“Some of this work has revealed entire infrastructures of corruption – bringing to light information which some people wanted to remain in the dark. This work strengthens democracy,” said Roldán.
Between 2013 and 2017, the government spent 38 billion MSP (roughly 53.7 million USD) on ‘official advertising’ - buying space in the media to distribute information to citizens. This opaque and discretionary allocation of funds to the media has historically proven to be a way of controlling editorial lines. “There is a difference in what we are doing: we are not transmitting messages from politicians, we are doing a slower form of journalism – finding out who is really governing us and how they are doing it,” said Roldán.
The panellists agreed that there are cases, however, where corruption and impunity are revealed, but the issue remains unaddressed and there is no impact at a structural level. Turati described the government responding to stories, not with reform but instead by becoming better at lying, and better at hiding the truth. She also emphasised the importance of optimism: “We have to hope that all of this information will serve to bring justice and truth.”
Páez Varela was sceptical about the potential for change, with the penal system being in chaos and public structures unable or unwilling to reform: “Stories are not penetrating public life – they serve to create a memoir but not a change – neither on the government, nor on the people.” He referred to the case of the Odebrecht corporation, whose corrupt activities were uncovered by investigative journalists. “You can create all the evidence you like – it means nothing. We are the only country which has not had consequences for Odebrecht.”
Roldán disagreed, pointing to the case of Duarte, the ex-governor of Veracruz who is currently in prison in Mexico on corruption charges. “There was a consequence, we achieved that. We keep going, keeping hope that any moment something will happen, that there will be consequence.”
Journalism faces vast challenges in Mexico, which is the most dangerous country in Latin America for journalists; 2017 was the deadliest year for journalists since 2000, with 12 murders recorded by freedom of expression campaign Artículo 19. A variety of topics inspire threats to the safety of journalists, as Turati pointed out, “It isn’t just journalists covering organised crime who are killed: policing and politics are sensitive topics too – but risk could emerge anywhere.’’
Regional journalists doing investigations face particular dangers, and often face a lack of support, low pay, and even greater impunity for attacks against them. “There are too many killed and disappeared – the majority of them are poorly paid, without labour rights. There are many silent zones, and press which are for rent to the government, who silence information,” said Turati. These risks are substantially lower in Mexico City, “It’s a bubble,” said Roldán.
As well as fear and violence, money is a significant obstacle to public information. Enrique Peña Nieto, current President, has spent more public money on buying media than any president ever, around 70 million pesos, which combines with the culture of official advertising and the wealth of the companies and institutions which are often being investigated, creates major obstacles to revealing information: “There’s a mountain of money in the way of real investigation,” said Páez Varela.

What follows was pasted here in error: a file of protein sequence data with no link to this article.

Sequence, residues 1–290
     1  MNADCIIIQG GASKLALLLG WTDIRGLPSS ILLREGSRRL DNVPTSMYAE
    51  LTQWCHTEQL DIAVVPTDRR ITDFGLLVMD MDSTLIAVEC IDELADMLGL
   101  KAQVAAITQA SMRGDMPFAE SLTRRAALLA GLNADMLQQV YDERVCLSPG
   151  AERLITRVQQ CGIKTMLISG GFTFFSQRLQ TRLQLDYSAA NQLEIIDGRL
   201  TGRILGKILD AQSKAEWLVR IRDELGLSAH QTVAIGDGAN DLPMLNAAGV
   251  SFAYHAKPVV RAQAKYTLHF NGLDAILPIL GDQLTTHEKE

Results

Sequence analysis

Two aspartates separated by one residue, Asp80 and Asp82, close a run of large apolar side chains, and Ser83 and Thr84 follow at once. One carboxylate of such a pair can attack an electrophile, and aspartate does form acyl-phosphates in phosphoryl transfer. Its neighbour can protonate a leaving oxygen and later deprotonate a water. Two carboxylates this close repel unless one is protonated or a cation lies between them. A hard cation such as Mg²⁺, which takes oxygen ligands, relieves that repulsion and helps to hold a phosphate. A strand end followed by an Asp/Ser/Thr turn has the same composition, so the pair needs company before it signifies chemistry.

Regardless of the risks, the job is a calling for investigative journalists: “It is your work: to inform. Where silence wins, many are suffering, and death wins. We feel this important mission that we have, and we must moderate the risk,” Turati said.
Various security strategies are being used to minimise risk to journalists and their publications when they are publishing or working on an investigation: sometimes outlets will share the story with other publications and they will all publish simultaneously, which also helps create more impact for the story. Many stories do not carry a by-line, some are published and shared from specially-created sites, and strategies are increasingly taught to journalism students in universities.
Psychological strategies and coping mechanisms are also being taught in universities, said Turati, and for good reason: “Covering these things can rob you of emotional stability and happiness in life."
For small and independent media, it is a constant hunt for a sustainable financial model, experimenting with paywalls, paid content, subscription, and donation models – some even starting a cafe or selling books. “I don’t want to limit access, but we need money to investigate. It’s an ongoing debate: we don’t live on official advertising and we don’t want commercial advertising either,” explained Roldán.
Turati added, “The good news is that great independent outlets have emerged in states in Mexico, and collective groups are dedicated to helping each other. Journalists keep flourishing - coming together and believing that it’s worth the pain. I know journalists who are Uber drivers in the mornings to finance themselves investigating murders in Veracruz.”
And what about the incoming president? Roldán said, “Each new regime has its own strategy for hiding information – I don’t yet know what Manuel’s will be...”